What’s A’s chance of winning the first game? 1/3. 2/3 of the time, it goes to a second game. A’s chance of winning that game are 1/3, so it’s 3/9 a wins on the first game, and 2/9 they win on the second, for a total of 5/9. (If A doesn’t win by the second game, by definition B has.)

    Decreasing n, as you noted, makes A’s chances of winning larger.

  7. Willow says:

    To make a larger point, I suspect if you and I played this game it would suck, because you’d be choosing randomly and I’d know that.

    If I was playing with someone where I had to analyze their risk-taking stance, it’d be interesting for a couple of throws.

    And at the very least, I’ve enjoyed our correspondence on the matter.

  8. josiah says:

    yeah, you’re right, B wouldn’t play paper.

    so, odds of B winning for n>=2 is

    the sum k=2 to n of 1/(2^n)

    a much less complex sum. math’s been a while, but i think you can simplify it to (2^(n-1)-1)/2^n

    at any rate, as n increases, B’s odds approach 50%

    n=1, 0%
    n=2, 25%
    n=3, 37.5%
    n=4, 43.75%
    n=5, 46.875%
    n=10, 49.902%

    yeah, i should have figured B wouldn’t play paper.

  9. josiah says:

    wow, you’ve come up with a much more interesting situation than i first thought.

    note, unlike other versions of RPS, in this if you know your opponent is gauranteed to play randomly, you can improve your odds.

    -if B knows A is playing randomly, B could just play scissors
    -if A knows B is playing randomly (between rock and scissors) then A would always throw paper on the first throw (and then proceeding randomly) as a 50% chance of winning is better than 25%

    because of this, the first throw would always be scissors / scissors. because B knows A wants to throw paper on the first throw and for that reason A has to block scissors. by induction this would be the next throw as well until you reach a point significantly close to n, where is the number of rounds you are playing.

    so really what gets interesting is how close to n, B decides to start playing randomly. it’s in B’s best interest to start playing randomly as soon as possible, because the longer B waits the further from 50% their odds. but if A switches to paper while B is still throwing scissors, then A automatically loses.

    for example, say n is 6.

    imagine perfect random B verse A who throws paper first:
    B’s odds of winning is Bwin6 – (1/8) = 35.94%
    cf. Bwin6 = 48.4375%

    but B throws scissors first verse A who throws paper first = Bwin6 + 1/4 = 73.4375%
    and B throws scissors first verse A who throws random = (Bwin6 – 1/4)*1.5 + 1/4 = 60.16%

    so, B would like to through scissors first, except B throws scissors first verse A throws scissors first = Bwin5 = 43.75%

    so really, the best strategy as B is to play scissors until an arbitray point and then start playing randomly. to combat that, A has to play scissors and try to switch to paper exactly when B switches but not before (which is an automatic win).

    as such, you’ve created a meta-game called when to switch. because if at any time you switch and A switches as well you lose the game, the best time to switch is dun-dun-dun random with sooner being better (even as early as the first round). so basically, if i were to play this game and n was set randomly to something like 8, i would randomly pick a number between say 1 and 5 in my head and play scissors until then and then play rock, continuing randomly from that point.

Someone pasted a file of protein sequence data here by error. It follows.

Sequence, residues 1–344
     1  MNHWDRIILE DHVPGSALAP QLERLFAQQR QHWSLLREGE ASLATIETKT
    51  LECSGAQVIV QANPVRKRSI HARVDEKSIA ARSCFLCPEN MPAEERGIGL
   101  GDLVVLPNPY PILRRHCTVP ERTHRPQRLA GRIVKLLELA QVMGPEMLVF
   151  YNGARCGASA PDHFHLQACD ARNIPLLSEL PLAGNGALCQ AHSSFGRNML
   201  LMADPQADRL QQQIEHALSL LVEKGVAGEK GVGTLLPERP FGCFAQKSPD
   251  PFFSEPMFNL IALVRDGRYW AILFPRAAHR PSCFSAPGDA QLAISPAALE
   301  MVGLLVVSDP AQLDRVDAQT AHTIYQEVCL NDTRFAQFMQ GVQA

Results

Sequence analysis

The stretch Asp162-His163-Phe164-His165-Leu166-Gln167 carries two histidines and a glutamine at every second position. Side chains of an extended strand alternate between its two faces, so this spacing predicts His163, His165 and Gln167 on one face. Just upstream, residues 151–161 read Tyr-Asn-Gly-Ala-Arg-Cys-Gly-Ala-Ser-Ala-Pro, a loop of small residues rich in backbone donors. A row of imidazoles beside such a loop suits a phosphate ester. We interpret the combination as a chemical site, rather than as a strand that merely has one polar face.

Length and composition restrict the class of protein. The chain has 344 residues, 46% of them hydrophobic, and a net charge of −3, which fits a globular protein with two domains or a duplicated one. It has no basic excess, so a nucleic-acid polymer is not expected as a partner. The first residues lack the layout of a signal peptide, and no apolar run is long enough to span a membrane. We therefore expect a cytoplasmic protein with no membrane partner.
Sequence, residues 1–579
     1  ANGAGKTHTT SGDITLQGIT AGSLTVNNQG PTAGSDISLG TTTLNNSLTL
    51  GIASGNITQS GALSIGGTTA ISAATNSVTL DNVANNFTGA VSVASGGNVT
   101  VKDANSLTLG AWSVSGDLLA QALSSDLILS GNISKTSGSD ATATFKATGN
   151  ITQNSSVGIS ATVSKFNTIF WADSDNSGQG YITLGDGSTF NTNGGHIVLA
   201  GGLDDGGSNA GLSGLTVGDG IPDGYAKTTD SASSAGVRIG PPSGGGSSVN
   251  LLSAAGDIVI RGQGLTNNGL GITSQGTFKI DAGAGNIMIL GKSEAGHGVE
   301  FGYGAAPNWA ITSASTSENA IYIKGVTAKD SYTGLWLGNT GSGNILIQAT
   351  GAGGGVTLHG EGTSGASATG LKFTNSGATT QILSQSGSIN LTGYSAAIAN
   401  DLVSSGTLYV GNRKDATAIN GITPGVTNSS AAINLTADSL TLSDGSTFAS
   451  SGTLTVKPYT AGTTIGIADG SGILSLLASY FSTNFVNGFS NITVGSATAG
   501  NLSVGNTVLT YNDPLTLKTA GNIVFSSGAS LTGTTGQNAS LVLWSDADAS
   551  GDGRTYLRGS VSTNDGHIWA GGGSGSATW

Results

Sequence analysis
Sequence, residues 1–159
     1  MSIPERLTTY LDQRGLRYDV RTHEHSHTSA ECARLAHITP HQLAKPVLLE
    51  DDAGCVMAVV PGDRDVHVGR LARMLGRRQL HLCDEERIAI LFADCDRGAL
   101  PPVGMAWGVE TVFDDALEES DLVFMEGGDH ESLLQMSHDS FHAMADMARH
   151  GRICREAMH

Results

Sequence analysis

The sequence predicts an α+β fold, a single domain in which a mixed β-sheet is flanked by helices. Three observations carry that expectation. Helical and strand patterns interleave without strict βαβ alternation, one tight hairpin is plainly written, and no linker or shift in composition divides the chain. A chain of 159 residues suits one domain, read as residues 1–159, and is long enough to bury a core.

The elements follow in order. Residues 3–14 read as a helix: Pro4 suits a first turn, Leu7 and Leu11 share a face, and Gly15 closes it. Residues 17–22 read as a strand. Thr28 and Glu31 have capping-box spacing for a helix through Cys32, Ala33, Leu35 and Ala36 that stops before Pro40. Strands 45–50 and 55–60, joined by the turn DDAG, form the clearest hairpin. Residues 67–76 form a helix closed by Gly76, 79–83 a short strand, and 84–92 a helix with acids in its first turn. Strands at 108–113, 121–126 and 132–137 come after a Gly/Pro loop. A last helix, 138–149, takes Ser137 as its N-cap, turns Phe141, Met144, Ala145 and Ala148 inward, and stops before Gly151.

10. josiah says:

    so…what’s the best defense against that? (and is there a better offense against it, or is stability reach)

  11. josiah says:

    ok, it took some talking back and forth, but i think it’s time to beat this mini-game.

    best strategy for B:

    randomly pick 2 numbers between 1 and n and on those throws play rock. play scissors on everything else.

    odds of winning rapidly approach 100% as n increases.

  12. josiah says:

    btw, there’s no stable solution, because the best defense against this is to

    (A) randomly choose two throws to play paper
    which can be better combatted with the strategy (B) always play scissors (100%)
    which can be better combatted with the strategy (A) always play scissors (100%)
    bringing us full circle since this strategy will always beat that.

    at any rate, the 2, in pick numbers really only exists for the possiblity you’re playing an A who does all scissors. provided A switches at least once then pick 1 number is enough.

    however, if you do pick 1 then not switching becomes a valid strategy for A, so you have to cover it.

  13. josiah says:

    sorry for so many comments, i just keeping thinking of things.

    until n=7, random is still best at the odds given before:

    — random —
    n=1, 0%
    n=2, 25%
    n=3, 37.5%
    n=4, 43.75%
    n=5, 46.875%
    n=6, 48.4375%
    — pick 2 —
    n=7, 54.76%
    n=8, 60.71%
    n=9, 65.28%
    n=10, 68.89%
    n=20, 84.74%
    n=40, 92.44%
    n=100, 96.99%


  14. dog treat says:

    dog treat…

    […]On Game Theory, Part II.5: Case Study « This Way Lies Madness[…]…